Earlier today we held our monthly “Portfolios at Panera” event. The last Thursday of each month we spend an hour talking with clients and friends about what is happening in the markets and how those happenings are impacting client portfolios.
Today, in addition to talking about “hot topics” such as the British referendum to potentially leave the European Union (vote on June 23rd), and when the Fed might raise interest rates (July looks most likely as of today), we spent a good deal of time looking at forecasts of which asset classes are likely to have the best (and worst) performance over the next five years.
In April, The Blackrock Investment Institute released their “Capital Market Assumptions” with forecasts of returns and volatility for various asset classes over the next five years. Blackrock carries a lot of weight in the money management industry as they are the world’s largest asset manager with total assets of over $4.7 trillion dollars as of 2015 (source: Wikipedia.org). It is important to note these return and volatility assumptions are based on fundamental factors like growth rates, dividends, valuation, and inflation – they do NOT consider political or other factors which could impact returns. As a result, Blackrock is quick to point out (as are we) that estimates of future returns are not a recommendation and are for illustrative purposes only – they do NOT reflect estimates of what a client portfolio may achieve and do not reflect investment advice.
We cannot produce the entire Blackrock report here, but out of 23 different asset classes, here is a summary of the Top 5 and Bottom 5 asset classes based on Blackrock’s forecast of 5-year expected returns.
According to Blackrock’s estimates, the top 5 asset classes based on fundamentals have a forecasted return of 4.8% or better per year over the next five years while the bottom 5 asset classes have a return of 1.4% or less oer year.
Assuming Blackrock’s Capital Market Assumptions for the next 5 years have merit, what are implications for investment portfolios? Here are three key points we discussed this morning:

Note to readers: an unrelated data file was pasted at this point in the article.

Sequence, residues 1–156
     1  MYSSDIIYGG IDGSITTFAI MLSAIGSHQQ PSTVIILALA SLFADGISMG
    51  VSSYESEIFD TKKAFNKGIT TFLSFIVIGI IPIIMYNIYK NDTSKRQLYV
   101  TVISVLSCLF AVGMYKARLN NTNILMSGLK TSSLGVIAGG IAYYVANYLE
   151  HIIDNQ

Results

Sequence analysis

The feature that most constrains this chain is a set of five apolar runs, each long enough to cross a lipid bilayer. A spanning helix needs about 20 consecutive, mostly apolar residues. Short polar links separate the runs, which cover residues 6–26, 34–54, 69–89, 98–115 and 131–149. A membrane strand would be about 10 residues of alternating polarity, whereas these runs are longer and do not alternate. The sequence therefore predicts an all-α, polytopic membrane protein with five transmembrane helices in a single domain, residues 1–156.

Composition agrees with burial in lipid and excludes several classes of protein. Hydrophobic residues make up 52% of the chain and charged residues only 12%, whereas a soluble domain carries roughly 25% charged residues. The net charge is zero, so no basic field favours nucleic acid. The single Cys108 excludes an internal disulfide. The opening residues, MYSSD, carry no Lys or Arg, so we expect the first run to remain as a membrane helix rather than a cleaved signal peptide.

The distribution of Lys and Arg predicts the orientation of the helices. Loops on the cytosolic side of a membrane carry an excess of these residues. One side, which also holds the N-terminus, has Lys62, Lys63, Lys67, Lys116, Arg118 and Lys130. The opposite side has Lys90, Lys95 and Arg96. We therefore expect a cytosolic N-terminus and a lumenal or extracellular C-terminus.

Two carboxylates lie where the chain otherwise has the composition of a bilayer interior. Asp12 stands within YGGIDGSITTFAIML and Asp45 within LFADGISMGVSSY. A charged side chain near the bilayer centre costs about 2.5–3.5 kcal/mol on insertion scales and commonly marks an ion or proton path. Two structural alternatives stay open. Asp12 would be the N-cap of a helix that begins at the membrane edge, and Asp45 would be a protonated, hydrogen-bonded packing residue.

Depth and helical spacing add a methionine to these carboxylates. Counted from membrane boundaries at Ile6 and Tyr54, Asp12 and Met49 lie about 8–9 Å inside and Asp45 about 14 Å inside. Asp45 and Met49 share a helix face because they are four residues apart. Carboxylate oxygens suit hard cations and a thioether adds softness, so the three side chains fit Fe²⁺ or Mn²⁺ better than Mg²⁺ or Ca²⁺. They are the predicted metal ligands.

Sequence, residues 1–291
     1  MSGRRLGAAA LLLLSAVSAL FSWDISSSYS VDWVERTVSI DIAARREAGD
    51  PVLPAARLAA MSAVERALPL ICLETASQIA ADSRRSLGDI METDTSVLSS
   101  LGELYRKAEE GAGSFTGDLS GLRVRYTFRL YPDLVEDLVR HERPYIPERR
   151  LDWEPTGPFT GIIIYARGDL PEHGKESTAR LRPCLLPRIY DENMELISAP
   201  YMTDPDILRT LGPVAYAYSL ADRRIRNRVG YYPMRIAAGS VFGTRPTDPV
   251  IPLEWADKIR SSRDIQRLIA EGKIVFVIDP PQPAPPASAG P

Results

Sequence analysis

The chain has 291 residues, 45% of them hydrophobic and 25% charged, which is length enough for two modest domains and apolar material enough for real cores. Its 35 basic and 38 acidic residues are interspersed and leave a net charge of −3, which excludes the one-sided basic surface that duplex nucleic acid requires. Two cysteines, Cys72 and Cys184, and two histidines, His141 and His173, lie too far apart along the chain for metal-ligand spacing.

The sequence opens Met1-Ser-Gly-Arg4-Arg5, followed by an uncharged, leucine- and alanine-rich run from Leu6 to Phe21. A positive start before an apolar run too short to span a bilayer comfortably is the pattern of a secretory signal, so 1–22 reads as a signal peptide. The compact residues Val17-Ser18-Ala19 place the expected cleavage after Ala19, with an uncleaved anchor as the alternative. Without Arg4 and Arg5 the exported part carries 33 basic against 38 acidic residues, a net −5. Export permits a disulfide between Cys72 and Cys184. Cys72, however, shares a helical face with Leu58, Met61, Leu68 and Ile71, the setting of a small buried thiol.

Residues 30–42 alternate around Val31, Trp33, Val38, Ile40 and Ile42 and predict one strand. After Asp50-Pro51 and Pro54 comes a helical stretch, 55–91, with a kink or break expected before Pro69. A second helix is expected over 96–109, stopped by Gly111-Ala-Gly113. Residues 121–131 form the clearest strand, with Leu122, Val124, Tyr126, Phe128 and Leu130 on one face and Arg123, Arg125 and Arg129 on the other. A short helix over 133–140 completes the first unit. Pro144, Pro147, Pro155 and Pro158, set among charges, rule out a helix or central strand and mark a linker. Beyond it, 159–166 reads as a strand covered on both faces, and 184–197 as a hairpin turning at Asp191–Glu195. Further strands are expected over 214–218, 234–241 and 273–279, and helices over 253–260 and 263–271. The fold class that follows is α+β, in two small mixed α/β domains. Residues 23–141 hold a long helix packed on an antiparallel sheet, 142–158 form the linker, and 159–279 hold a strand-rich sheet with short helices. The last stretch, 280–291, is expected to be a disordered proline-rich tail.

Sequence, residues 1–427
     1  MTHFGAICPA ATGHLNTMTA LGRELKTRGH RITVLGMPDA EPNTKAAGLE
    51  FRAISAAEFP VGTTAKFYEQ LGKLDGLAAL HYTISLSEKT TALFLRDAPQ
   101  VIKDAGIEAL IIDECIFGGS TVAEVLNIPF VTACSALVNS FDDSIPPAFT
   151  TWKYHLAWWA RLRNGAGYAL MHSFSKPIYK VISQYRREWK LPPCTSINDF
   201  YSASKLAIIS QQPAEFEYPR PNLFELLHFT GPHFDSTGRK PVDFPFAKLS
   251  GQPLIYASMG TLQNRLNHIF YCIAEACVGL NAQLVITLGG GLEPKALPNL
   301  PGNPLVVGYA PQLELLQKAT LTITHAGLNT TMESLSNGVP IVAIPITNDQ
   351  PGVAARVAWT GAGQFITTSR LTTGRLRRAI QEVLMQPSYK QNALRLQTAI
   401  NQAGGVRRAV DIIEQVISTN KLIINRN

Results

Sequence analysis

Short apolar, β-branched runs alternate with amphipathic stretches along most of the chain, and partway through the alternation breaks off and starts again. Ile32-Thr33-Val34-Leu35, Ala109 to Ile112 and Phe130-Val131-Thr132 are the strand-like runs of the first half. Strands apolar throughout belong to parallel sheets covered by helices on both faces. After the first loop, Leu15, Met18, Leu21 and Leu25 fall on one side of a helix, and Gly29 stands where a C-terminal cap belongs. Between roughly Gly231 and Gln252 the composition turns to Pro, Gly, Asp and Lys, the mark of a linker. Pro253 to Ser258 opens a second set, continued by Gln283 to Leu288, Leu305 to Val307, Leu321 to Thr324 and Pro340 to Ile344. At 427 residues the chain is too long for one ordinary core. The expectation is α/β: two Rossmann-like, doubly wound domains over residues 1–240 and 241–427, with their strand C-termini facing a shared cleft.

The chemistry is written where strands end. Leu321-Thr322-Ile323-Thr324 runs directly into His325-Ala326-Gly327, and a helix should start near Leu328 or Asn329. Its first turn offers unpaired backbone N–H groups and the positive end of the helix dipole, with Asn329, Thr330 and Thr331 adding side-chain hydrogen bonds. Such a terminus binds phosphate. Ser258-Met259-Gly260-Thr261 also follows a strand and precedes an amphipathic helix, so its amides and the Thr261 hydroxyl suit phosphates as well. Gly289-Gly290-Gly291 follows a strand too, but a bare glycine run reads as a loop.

· It is important to look globally for investment opportunities. Four out of the top 5 categories on Blackrock’s list are foreign or international in nature, with U.S. stocks further down in the forecasted return ranking. One of the key reasons for the disparity is valuation – U.S. stocks are more expensive than foreign stocks.
· Yield matters. Yield is a fancy investment term for investment income interest or dividends. In an environment of low interest rates, places where investors can find income are important for future returns. A big part of why foreign stocks and high yield bonds are near the top of Blackrock’s 5-year rankings is the interest and dividend income they pay. Currently, high yield bonds are paying interest rates of close to 7% and emerging market and developed international stocks are paying dividends higher than most government bond rates.
Source: Eaton Vance
· Bonds are a source of diversification, but future return potential is low. The bottom of Blackrock’s list of forecasted 5-year returns is populated with different types of bonds. It does not take a rocket scientist (or an economist) to know with interest rates close to historic lows, the potential for future returns from bonds is also low. The outlook for future returns is the main reason we are “underweight” bonds across portfolios we manage. We recognize bonds can provide a key counterbalance to stocks in the event of market turmoil, but over the longer term, we believe investing in cheaper asset classes with higher income rates are likely produce higher returns.